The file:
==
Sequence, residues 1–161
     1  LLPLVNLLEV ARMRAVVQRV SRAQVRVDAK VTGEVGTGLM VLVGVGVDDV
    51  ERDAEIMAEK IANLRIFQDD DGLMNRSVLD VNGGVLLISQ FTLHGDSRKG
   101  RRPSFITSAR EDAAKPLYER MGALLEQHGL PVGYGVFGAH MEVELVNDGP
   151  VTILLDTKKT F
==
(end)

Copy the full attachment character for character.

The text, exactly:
Sequence, residues 1–161
     1  LLPLVNLLEV ARMRAVVQRV SRAQVRVDAK VTGEVGTGLM VLVGVGVDDV
    51  ERDAEIMAEK IANLRIFQDD DGLMNRSVLD VNGGVLLISQ FTLHGDSRKG
   101  RRPSFITSAR EDAAKPLYER MGALLEQHGL PVGYGVFGAH MEVELVNDGP
   151  VTILLDTKKT F